Hospital-acquired infection: infection prevention and control

Hospital-acquired infection: infection prevention and control

Diagram shows steps of ‘how to handwash’ and ‘how to handrub’, Areas commonly missed, pie chart showing percentage of patients suffering from Pneumonia, UTI, SSI, Sepsis, et cetera. It also shows standard and transmission-based precautions (Airborne transmission, droplet transmission, and contact transmission).

Infection prevention and control

Patients who are acutely unwell have increased susceptibility to infection due to accidental or surgical injuries, multiple invasive devices, decreased immunity, complex health problems and increased contact with healthcare staff. Therefore, healthcare-associated infection (HCAI), prevention and control in critical care is of paramount importance. Whilst twenty-first century healthcare can bring even the sickest and most traumatised patient back from the brink of death, a single infectious agent can enter the body and bring about death in a matter of hours. The National Point Prevalence Study (2011) on healthcare-associated infection,1 gives a ‘snapshot’ of the overall HCAI prevalence rate (the number of people suffering from a HCAI during the time of the study); it shows a prevalence rate of 6.4, a reduction from 8.2. Figure 4.1 highlights the six most common types of HCAI which account for more than 80% of all HCAIs.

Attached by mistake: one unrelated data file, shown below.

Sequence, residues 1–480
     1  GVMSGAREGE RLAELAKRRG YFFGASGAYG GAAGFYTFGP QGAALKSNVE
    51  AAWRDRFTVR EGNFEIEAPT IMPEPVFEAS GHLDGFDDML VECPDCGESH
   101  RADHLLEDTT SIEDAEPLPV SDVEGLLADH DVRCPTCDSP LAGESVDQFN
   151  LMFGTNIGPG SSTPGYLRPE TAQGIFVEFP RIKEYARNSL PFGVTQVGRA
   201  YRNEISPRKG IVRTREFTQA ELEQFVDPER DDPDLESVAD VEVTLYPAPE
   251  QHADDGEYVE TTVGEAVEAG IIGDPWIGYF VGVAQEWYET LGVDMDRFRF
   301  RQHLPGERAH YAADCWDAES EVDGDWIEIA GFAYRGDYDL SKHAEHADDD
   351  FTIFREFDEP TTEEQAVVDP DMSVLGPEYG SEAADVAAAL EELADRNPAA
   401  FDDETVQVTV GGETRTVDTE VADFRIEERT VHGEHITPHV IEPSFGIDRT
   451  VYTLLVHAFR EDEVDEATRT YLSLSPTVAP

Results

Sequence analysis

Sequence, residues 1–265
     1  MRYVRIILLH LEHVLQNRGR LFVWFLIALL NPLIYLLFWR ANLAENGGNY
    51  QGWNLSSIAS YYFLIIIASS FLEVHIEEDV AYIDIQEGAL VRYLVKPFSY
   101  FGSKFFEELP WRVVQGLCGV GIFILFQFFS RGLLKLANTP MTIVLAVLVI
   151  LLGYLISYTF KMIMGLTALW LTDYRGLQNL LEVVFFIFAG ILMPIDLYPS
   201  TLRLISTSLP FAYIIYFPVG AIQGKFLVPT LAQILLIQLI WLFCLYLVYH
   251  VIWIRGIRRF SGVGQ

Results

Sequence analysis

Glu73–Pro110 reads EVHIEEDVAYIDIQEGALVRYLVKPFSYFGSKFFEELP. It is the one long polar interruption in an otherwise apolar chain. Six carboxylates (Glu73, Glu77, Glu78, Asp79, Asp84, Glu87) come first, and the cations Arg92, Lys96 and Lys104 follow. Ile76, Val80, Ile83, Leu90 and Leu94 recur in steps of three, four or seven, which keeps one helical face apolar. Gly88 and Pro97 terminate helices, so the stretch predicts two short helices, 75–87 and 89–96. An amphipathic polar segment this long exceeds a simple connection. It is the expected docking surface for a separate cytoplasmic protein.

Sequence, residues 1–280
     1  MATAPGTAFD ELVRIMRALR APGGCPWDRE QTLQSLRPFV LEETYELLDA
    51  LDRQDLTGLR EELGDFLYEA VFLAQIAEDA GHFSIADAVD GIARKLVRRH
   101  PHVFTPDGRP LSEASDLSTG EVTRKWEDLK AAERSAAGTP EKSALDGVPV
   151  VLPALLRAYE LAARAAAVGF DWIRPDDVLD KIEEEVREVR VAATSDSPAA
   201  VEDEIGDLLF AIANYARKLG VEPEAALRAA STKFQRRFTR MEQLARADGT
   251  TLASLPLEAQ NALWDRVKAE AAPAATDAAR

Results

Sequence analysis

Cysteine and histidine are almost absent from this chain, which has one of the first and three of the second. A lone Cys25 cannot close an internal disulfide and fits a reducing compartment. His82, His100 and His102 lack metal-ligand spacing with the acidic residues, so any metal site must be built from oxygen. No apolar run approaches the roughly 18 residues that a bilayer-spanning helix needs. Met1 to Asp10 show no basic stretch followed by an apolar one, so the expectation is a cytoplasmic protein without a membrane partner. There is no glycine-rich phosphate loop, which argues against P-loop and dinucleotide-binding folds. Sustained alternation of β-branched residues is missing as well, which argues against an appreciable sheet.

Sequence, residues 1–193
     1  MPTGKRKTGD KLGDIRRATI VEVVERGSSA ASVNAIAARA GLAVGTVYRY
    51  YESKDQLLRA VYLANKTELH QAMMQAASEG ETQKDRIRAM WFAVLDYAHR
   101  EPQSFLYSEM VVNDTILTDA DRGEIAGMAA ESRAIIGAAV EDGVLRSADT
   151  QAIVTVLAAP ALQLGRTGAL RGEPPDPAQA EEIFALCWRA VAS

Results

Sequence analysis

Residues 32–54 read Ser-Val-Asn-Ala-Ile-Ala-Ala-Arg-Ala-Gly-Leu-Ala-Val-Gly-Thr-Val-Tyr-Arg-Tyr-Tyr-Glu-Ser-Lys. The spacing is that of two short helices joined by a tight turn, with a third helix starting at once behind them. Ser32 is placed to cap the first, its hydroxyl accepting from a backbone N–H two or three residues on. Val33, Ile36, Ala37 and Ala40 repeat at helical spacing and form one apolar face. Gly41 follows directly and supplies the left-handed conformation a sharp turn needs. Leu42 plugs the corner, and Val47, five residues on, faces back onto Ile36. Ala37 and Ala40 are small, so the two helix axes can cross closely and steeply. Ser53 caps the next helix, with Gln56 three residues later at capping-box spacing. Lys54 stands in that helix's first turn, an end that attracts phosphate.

Standard and transmission-based precautions

Every single act or intervention has the potential to spread infection, as microorganisms invisible to the naked eye can be moved from place to place, and person to person, resulting in entry to a susceptible host (patients or staff) through any orifice or break in the skin. Standard precautions rely on staff assessing the risk of the ‘task’ they are carrying out and deciding on the appropriate precautions that should be taken and where these are considered insufficient, implement additional ‘transmission-based precautions’ (Figure 4.2).2 Following these recommended guidelines will not only prevent patients from becoming infected but also staff from occupationally acquired infections.

Apr 8, 2019 | Posted by in NURSING | Comments Off on Hospital-acquired infection: infection prevention and control
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